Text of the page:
Somewhat OT - can underpowered power supplies damage a system?
thomas.cameron at camerontech.com
Wed Aug 18 14:20:12 UTC 2010
On 08/18/2010 02:34 AM, Robert G. (Doc) Savage wrote:
> On Wed, 2010-08-18 at 00:27 -0500, Thomas Cameron wrote:
>> Say, hypothetically, I have 8 identical Intel DG45ID motherboard-based
>> system with 8GB memory and a single drive with a cheap-o generic 300w
>> power supply. All running Linux, so sorta on-topic.
>> Say those systems have been running for over a year, but lately they've
>> been really flaky. Random lockups, sometimes they boot with garbage
>> characters on the screen instead of the normal OS boot, sometimes they
>> hang at various parts of the boot sequence, spontaneous reboots when
>> Say the Antec web site says I need more like a 350w power supply, and I
>> read somewhere that PSUs tend to age and get less efficient over time,
>> so I am guessing that I've been starving these things for juice for
>> weeks or maybe months.
>> Hypothetically, could I have actually damaged these systems if the PSU
>> was under-powered? Or would a new, higher powered PSU fix the problems
>> I've seen?
>> I would guess that too much juice might hurt the systems, but would too
>> little actually damage anything?
>> I know it's not thermal, they're in a very cold room with dedicated HVAC
>> and the airflow is great.
>> Hoping someone who knows more about electronics can chime in.
> Your suspicions about cheap-o PSUs may be well-founded. A power supply's
> Achilles heel is often the electrolytic capacitors used to absorb and
> filter out high frequency components on its main power output lines.
> There are a lot of square-wave-to-sine-wave conversion operations that
> take place in modern power supplies.
> When electrolytic capacitors (the big ones that look like beer cans) age
> the paste-like electrolyte inside begins to dry out. The heat inside a
> PSU accelerates this aging process. The telltale sign is AC ripple on
> the +5V and +12V outputs. You can see this on an oscilloscope and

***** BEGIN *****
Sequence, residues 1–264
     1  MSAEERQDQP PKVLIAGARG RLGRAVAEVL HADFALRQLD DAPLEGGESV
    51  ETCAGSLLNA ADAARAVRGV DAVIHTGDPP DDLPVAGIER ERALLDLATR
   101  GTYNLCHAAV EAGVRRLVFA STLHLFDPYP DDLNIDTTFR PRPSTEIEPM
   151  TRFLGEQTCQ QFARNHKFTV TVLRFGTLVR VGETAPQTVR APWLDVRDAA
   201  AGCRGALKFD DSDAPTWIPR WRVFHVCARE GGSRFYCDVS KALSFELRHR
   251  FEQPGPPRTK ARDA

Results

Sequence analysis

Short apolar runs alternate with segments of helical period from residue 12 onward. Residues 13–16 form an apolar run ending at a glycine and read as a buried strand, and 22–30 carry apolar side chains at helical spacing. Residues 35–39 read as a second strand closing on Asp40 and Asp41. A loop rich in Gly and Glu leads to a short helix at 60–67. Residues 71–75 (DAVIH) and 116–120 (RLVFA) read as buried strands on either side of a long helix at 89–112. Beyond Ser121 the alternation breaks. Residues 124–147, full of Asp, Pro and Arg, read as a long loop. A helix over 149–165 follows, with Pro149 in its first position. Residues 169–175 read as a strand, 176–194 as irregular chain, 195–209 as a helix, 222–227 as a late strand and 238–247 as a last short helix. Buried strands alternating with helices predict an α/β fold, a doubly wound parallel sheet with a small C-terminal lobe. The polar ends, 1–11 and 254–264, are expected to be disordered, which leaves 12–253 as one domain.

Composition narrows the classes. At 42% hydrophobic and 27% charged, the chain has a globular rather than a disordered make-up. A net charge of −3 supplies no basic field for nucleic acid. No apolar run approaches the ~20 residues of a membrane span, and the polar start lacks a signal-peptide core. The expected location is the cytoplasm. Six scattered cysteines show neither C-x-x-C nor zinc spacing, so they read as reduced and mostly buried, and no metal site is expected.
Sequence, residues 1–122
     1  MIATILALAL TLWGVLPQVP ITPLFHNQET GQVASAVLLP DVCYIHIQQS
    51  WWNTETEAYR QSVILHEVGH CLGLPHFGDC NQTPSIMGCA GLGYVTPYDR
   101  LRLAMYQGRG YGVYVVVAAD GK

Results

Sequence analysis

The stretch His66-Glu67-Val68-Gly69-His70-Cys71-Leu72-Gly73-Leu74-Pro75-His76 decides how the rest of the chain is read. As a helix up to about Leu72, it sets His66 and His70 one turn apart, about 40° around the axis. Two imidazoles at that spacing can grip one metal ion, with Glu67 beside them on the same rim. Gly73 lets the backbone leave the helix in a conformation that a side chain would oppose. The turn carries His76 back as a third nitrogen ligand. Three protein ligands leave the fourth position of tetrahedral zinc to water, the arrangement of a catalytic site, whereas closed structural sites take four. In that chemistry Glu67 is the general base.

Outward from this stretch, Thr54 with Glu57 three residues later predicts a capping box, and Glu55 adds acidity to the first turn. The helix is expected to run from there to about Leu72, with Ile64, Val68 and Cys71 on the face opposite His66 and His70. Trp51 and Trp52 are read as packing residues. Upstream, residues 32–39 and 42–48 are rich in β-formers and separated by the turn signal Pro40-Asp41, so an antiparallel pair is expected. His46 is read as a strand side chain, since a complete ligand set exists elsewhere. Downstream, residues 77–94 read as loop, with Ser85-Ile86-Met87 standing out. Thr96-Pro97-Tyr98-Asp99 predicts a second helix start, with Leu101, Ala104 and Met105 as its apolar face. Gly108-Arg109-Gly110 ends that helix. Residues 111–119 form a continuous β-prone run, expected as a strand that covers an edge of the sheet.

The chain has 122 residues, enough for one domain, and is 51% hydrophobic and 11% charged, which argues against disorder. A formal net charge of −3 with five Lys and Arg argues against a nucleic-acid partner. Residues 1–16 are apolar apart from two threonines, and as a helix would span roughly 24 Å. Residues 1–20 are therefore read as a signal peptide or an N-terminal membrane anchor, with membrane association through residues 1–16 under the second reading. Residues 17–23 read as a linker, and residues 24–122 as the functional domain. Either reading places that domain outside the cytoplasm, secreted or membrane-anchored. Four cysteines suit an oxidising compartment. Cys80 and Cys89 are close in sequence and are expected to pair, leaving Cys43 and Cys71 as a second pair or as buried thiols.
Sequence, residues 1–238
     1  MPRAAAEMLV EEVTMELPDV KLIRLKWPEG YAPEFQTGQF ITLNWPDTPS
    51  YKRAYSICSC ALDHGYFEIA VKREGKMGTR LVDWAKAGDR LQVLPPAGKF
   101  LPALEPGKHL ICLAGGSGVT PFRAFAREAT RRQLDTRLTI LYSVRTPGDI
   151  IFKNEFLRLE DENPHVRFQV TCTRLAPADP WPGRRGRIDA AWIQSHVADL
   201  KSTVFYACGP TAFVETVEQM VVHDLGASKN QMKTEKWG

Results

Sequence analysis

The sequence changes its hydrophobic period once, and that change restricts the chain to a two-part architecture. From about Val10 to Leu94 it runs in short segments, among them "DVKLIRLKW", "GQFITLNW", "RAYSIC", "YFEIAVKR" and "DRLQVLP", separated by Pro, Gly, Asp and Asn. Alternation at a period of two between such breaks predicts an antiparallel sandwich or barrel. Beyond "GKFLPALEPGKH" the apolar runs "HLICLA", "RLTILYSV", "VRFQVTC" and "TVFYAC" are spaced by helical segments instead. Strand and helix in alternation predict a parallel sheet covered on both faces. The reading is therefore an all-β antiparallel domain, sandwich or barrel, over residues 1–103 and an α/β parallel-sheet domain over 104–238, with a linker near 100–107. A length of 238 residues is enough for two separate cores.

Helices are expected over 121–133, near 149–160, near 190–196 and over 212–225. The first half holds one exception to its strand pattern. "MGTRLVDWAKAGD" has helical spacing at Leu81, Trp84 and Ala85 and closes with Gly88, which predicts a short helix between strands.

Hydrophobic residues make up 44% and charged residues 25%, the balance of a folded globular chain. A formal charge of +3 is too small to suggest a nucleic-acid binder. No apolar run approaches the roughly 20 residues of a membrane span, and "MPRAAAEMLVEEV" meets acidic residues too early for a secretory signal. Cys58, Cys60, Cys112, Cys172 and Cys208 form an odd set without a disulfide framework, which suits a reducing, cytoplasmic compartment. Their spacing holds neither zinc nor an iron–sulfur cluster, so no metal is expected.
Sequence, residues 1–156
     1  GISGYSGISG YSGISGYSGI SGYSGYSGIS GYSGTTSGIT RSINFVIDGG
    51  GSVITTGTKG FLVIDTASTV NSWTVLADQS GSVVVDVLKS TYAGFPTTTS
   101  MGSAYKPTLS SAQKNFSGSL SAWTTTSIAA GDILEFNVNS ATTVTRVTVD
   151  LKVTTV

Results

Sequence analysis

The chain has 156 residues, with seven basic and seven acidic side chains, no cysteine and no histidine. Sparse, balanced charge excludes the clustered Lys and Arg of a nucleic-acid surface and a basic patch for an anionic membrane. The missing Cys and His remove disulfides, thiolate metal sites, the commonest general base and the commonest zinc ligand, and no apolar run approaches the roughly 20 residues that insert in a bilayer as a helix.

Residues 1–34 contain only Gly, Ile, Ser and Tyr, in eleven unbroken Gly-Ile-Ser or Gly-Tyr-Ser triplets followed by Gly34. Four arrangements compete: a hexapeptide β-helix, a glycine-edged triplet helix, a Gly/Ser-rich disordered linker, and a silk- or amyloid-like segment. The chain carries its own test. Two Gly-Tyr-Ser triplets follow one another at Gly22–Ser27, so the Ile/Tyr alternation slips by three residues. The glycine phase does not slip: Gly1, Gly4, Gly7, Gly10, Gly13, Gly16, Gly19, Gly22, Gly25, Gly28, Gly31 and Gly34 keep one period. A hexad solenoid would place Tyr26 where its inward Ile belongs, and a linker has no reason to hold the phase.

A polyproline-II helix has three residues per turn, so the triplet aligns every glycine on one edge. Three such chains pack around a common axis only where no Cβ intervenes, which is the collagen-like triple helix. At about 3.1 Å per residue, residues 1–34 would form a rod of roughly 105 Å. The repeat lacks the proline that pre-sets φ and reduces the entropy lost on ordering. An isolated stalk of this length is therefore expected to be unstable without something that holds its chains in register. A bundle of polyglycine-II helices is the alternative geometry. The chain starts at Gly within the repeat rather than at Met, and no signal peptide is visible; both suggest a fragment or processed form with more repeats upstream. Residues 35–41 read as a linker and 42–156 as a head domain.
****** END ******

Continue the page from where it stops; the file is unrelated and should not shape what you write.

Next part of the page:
> measure it with an inexpensive voltmeter set to read AC volts.
> When 120VAC at 60Hz leaks onto DC power rails, the instantaneous voltage
> (the sum of AC and DC voltages) applied to delicate logic may be many
> times higher than the nominal low DC voltage that should be there. This
> can easily confuse circuitry trying to measure the electrical charge
> stored in a memory cell that represents a 0 or 1 bit.
> I've seen this cause spontaneous reboots, system freezes, and all sorts
> of seemingly random behavior. It's quite common in home PCs whose PSUs
> have been inhaling dust and pet fur for 4-5 years. It's less common in
> data centers, but equipment close to the floor can still accumulate a
> lot of dirt. Lower temps in a data center may slow heat-related
> deterioration, but cheap PSUs will still age faster than well designed
> units with quality parts.
> BTW, this problem is not confined to PSUs. You've probably read about
> motherboards with bad capacitors. A few years ago there was a major
> scandal involving defective capacitors sold to many top tier motherboard
> manufacturers. Tens of thousands of motherboards made with those bad
> parts are causing headaches for sysadmins today.
> If you have any doubts about a particular machine, go ahead and replace
> its power suppply with a known good one. If you can afford it and can
> find one that fits, you might try replacing a cheap-o PSU with one from
> a vendor like PC Power& Cooling.
> Good luck.
> --Doc Savage
> Fairview Heights, IL
Thanks Doc. We've already replaced all of them with Ensoniq units. I
was really more worried about whether I had damaged the boards.
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